'Not just a one-trick-pony': Rogers High School senior awarded first Happy Watkins scholarship

Feb. 19—Vernon Glass doesn't know the meaning of a "senior slump."

The Rogers High School senior and powerful orator is the first recipient of a scholarship in the Rev. Percy "Happy" Watkins' name. Watkins is revered for his delivery of Martin Luther King Jr.'s "I Have a Dream" speech at Spokane's annual Martin Luther King Jr. Day rally.

Last year at the event, Glass delivered a speech about unity and participation that moved Watkins to proclaim him the first recipient of the scholarship in his name.

"I was shocked. I was amazed," Glass said. "It's really heartwarming, because when I spoke last year, I knew nothing about it."

Despite COVID-19 closures overshadowing his freshman year, Glass wasted no chance to embrace activities presented to him at school. His final year, Glass' resume includes varsity basketball and track, his roles as ASB secretary, vice president of his school's DECA and president of the Black Student Union. While balancing a full schedule of extracurriculars, Glass holds down a 3.5 GPA and a part-time job.

"When it comes to high school, oh my gosh, there's just a bunch of things that are just out there for you," he said. "Sometimes you really just have to seize the opportunity before someone else does."

Quickly, this carpe diem mentality consumed Glass's schedule.

"He's busy," his mom, Darcy Horn, said through laughter. "I'm just amazed. Most people say to me you can't even teach drive like that. He's just so self-motivated."

His favorite thing to do outside of his commitments is sleep. Nonetheless, he thrives off of the frenzied schedule.

"Everything I do, I love," Glass said in a weekend interview after varsity basketball practice and before his closing shift washing dishes at The Swinging Doors.

Though he keeps plenty on his plate, Glass said his most rewarding activities are either being the vice president of DECA, a business and marketing school activity with state and national competitions, or presiding over Rogers' Black Student Union.

Being a Black student in a predominately white school, Glass said he sometimes felt ostracized from his peers. Bombarded with racism present nationwide, from police brutality in the news to videos of racist confrontations he'd see on social media, in the Black Student Union he found solace.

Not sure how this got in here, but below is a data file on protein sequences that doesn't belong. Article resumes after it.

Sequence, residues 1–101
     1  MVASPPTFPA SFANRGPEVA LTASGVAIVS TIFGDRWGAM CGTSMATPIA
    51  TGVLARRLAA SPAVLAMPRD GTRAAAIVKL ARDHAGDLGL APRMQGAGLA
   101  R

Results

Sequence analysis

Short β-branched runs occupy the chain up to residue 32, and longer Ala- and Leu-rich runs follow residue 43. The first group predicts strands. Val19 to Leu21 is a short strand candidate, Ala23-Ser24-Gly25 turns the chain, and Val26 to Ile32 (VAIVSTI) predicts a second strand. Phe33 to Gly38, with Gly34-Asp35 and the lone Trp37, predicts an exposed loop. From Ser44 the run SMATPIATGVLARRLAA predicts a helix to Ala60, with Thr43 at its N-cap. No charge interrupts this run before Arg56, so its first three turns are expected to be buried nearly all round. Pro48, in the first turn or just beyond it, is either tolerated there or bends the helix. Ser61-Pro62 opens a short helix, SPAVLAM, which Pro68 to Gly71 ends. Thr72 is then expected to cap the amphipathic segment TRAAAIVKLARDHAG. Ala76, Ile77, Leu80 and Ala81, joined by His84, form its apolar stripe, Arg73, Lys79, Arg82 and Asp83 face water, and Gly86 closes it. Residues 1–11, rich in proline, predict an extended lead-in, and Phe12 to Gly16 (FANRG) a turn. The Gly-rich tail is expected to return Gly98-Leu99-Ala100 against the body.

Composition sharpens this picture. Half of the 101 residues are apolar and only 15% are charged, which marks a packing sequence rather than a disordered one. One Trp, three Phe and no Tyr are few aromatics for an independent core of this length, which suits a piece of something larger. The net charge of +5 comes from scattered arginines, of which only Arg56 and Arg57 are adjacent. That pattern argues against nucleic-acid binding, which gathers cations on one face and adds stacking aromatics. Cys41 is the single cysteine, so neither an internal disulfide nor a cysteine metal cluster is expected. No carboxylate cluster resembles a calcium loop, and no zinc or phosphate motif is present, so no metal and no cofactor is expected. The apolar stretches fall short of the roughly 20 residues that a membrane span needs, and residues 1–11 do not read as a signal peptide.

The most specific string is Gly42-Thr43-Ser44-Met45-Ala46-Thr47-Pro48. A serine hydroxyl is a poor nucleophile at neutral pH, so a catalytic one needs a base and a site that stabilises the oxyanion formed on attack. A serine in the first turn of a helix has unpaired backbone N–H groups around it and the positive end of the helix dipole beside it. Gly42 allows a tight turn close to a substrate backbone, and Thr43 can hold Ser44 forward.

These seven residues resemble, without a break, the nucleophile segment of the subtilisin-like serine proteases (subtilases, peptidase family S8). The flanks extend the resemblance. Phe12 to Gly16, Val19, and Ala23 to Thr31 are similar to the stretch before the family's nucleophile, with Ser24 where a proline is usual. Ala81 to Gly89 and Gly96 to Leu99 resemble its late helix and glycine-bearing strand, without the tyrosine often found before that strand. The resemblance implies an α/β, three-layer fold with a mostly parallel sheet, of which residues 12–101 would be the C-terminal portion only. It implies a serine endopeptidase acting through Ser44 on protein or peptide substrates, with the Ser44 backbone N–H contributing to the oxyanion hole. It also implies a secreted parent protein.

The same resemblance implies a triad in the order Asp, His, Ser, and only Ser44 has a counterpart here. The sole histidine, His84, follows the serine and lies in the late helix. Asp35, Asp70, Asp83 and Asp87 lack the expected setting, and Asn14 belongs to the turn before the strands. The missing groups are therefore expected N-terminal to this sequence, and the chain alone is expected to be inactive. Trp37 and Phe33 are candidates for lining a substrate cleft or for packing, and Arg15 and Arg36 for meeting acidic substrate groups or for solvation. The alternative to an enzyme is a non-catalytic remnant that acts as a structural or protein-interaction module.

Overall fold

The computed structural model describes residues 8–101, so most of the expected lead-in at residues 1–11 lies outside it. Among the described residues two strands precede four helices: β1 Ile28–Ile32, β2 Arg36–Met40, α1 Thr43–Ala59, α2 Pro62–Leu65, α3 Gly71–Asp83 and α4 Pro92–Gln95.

"It's pretty odd; you feel like you stand out, you feel like there's nobody there for you," Glass said. "But you really have to dive deeper. When I found out there was a BSU that was my opportunity to dive deeper."

Now the president of the organization, Glass relishes the full-circle opportunity to help freshman members feel comfortable in their own skin.

He is also a leader in DECA; his teacher and DECA advisor Bryan Venema said he hopes underclassmen in the club learn from Glass his astute ability to manage time, a skill lost on most others his age.

In DECA, he qualified this year for the state-level competition for the third time. It involves reviewing a business case study and creating a strategic presentation in front of a judge in a short window of time.

While this year he's feeling cautiously confident in his shrewd public speaking aptitude and sports marketing knowledge, that wasn't always the case. He recalls the first time he felt sure of himself in school was his sophomore year getting a text notifying him that he qualified for the state competition.

"It was like a wakeup call that I can really do this if I just put my mind to it," Glass said.

While it may have flipped a switch for Glass from unsure to secure, Venema knew his capabilities long before Glass realized them.

"That's when I saw the transition, but not when I saw the potential," Venema said. "I saw the potential immediately in him as a freshman."

Venema recalled a quiet freshman in his sports marketing class and DECA meetings, holding an engaged and pensive silence. Some might call it shy, but Venema could see the thoughts forming behind his eyes.

"You'd see him truly listen to what's happening in the classroom, and you'd see the wheels are turning," Venema said. "He may not be speaking, but he's thinking, absorbing the information."

After the dismissal bell rang and students and staff had long left school, Venema would often find Glass in an empty classroom recording himself giving speeches and presentations he'd then scrutinize to find areas for improvement.

"He won't give up, he's shown that," Venema said.

Venema, an educator of 30 years now inching into retirement, considers Glass his "swan song."

Offered additional scholarships to Whitworth, Glass plans to attend the university and study business administration, pursuing the passion he found in DECA. A nod to Venema, he plans to one day get his master's in teaching so he can advise a DECA classroom.

Whatever career Glass pursues, Venema is confident he can weather any storm through his perpetual commitment to his passions and unwavering growth mindset.

"In our society, we've created a lot of reasons, in my terms 'excuses,' for people to quit. Vernon did not fall into that," Venema said. "When he doesn't reach what he wants to reach, I've never heard him make an excuse; it's always about 'OK, this is what I have to do to get better.' "

Elena Perry's work is funded in part by members of the Spokane community via the Community Journalism and Civic Engagement Fund. This story can be republished by other organizations for free under a Creative Commons license. For more information on this, please contact our newspaper's managing editor.